Microsurgery for cerebral arteriovenous malformations: postoperative outcomes and predictors of complications in 264 cases

A total of 264 patients with cerebral arteriovenous malformation were treated with microsurgical resection between 1994 and 2010 at the Jefferson Hospital for Neuroscience. Initial hemorrhage, clinical presentation, Spetzler-Martin AVM grading system (SM), treatment modalities, clinical outcomes, and obliteration rates were reviewed.

Univariate analysis and multivariate analysis were used to determine predictors of operative complications.

Of the 264 patients treated with microsurgery, 120 (45%) patients initially presented with hemorrhage. There were 27 SM Grade I lesions (10.2%), 101 Grade II lesions (38.3%), 96 Grade III lesions (36.4%), 31 Grade IV lesions (11.7%), and 9 Grade V lesions (3.4%). Among these patients, 102 (38.6%) had undergone prior endovascular embolization. In all patients, resection resulted in complete obliteration of the AVM. Complications occurred in 19 (7.2%) patients and resulted in permanent neurological deficits in 5 (1.9%). In multivariate analysis, predictors of complications were increasing AVM size (OR 3.2, 95% CI 1.5-6.6; p = 0.001), increasing number of embolizations (OR 1.6, 95% CI 1.1-2.2; p = 0.01), and unruptured cerebral arteriovenous malformation (OR 2.7, 95% CI 1-7.2; p = 0.05).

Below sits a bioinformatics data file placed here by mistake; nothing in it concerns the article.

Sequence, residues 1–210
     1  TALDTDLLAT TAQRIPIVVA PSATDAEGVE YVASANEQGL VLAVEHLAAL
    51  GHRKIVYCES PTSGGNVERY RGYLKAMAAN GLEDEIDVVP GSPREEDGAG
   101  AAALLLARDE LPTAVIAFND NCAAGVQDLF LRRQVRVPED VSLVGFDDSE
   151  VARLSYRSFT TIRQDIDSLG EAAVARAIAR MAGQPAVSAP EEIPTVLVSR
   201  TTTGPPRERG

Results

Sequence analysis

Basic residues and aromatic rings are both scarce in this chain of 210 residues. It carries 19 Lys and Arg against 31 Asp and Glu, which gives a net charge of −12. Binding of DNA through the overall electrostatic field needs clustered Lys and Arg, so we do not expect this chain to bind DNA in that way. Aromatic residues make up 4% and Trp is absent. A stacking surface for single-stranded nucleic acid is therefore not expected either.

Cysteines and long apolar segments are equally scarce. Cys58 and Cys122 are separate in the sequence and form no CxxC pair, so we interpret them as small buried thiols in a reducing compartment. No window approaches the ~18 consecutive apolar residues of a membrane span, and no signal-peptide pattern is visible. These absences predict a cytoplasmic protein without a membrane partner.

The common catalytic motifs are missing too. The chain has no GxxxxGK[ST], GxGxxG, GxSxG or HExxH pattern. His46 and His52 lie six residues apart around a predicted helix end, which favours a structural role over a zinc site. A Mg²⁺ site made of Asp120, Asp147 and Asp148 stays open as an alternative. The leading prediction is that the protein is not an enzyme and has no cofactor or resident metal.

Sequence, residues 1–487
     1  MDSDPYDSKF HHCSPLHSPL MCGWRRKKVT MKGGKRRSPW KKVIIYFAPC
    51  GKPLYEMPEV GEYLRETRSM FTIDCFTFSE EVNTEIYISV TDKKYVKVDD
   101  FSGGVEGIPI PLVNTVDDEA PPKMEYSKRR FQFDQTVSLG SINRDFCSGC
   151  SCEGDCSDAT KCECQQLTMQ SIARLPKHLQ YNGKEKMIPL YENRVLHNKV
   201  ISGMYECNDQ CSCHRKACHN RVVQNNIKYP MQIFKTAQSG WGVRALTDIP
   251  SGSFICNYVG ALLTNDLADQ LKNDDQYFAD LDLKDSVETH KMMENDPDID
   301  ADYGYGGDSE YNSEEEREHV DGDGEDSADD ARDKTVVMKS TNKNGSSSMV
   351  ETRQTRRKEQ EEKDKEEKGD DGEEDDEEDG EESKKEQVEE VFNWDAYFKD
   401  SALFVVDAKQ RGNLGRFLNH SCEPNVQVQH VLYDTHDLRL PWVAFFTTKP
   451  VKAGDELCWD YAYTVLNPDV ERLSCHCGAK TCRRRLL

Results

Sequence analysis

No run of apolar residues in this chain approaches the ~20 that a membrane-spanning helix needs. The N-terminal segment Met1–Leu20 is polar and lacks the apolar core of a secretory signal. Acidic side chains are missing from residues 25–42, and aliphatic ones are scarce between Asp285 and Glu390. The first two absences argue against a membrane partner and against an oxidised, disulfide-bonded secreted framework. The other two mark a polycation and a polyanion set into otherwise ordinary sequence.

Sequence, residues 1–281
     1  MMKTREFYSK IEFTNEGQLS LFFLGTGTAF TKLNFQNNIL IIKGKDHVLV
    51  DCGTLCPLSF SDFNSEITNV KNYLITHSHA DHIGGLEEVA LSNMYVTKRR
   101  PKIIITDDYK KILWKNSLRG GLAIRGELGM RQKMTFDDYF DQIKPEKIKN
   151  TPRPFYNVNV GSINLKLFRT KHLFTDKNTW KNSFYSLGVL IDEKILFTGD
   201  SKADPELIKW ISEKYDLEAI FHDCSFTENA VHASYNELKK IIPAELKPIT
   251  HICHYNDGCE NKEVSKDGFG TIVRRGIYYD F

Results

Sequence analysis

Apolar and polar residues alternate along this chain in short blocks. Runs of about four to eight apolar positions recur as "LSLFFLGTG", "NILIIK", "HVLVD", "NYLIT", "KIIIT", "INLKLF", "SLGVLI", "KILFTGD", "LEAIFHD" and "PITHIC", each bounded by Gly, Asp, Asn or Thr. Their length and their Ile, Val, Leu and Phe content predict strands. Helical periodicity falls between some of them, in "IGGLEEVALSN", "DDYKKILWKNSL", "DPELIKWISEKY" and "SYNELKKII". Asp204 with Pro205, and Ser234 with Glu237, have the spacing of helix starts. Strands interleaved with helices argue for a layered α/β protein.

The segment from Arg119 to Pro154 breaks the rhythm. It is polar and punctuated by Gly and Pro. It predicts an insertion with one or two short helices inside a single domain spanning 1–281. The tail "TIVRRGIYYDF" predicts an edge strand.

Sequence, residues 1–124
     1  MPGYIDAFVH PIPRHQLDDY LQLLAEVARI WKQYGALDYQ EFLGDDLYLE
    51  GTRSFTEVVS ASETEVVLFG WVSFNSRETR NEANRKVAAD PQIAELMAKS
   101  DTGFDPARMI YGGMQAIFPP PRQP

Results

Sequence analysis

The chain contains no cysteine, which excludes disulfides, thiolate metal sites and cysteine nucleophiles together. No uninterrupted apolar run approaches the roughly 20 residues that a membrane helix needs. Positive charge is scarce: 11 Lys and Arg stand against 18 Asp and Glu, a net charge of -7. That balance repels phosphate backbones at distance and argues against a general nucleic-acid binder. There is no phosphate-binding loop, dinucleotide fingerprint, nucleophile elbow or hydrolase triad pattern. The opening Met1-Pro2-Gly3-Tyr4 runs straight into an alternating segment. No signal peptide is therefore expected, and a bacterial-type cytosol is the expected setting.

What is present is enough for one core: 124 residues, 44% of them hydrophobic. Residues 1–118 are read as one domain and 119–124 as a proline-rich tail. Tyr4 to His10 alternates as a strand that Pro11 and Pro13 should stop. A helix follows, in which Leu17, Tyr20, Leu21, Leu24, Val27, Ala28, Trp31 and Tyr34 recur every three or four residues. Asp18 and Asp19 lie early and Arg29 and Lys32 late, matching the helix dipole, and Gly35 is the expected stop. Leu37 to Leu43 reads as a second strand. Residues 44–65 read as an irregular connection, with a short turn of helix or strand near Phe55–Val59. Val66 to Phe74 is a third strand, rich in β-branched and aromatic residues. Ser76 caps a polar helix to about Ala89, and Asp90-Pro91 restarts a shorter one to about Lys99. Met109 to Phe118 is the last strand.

Microsurgical resection of AVMs is highly efficient and can be undertaken with low rates of morbidity at high-volume neurovascular centers. Unruptured and larger AVMs were associated with higher complication rates 1).

1) Theofanis T, Chalouhi N, Dalyai R, Starke RM, Jabbour P, Rosenwasser RH, Tjoumakaris S. Microsurgery for cerebral arteriovenous malformations: postoperative outcomes and predictors of complications in 264 cases. Neurosurg Focus. 2014 Sep;37(3):E10. doi: 10.3171/2014.7.FOCUS14160. PubMed PMID: 25175429.

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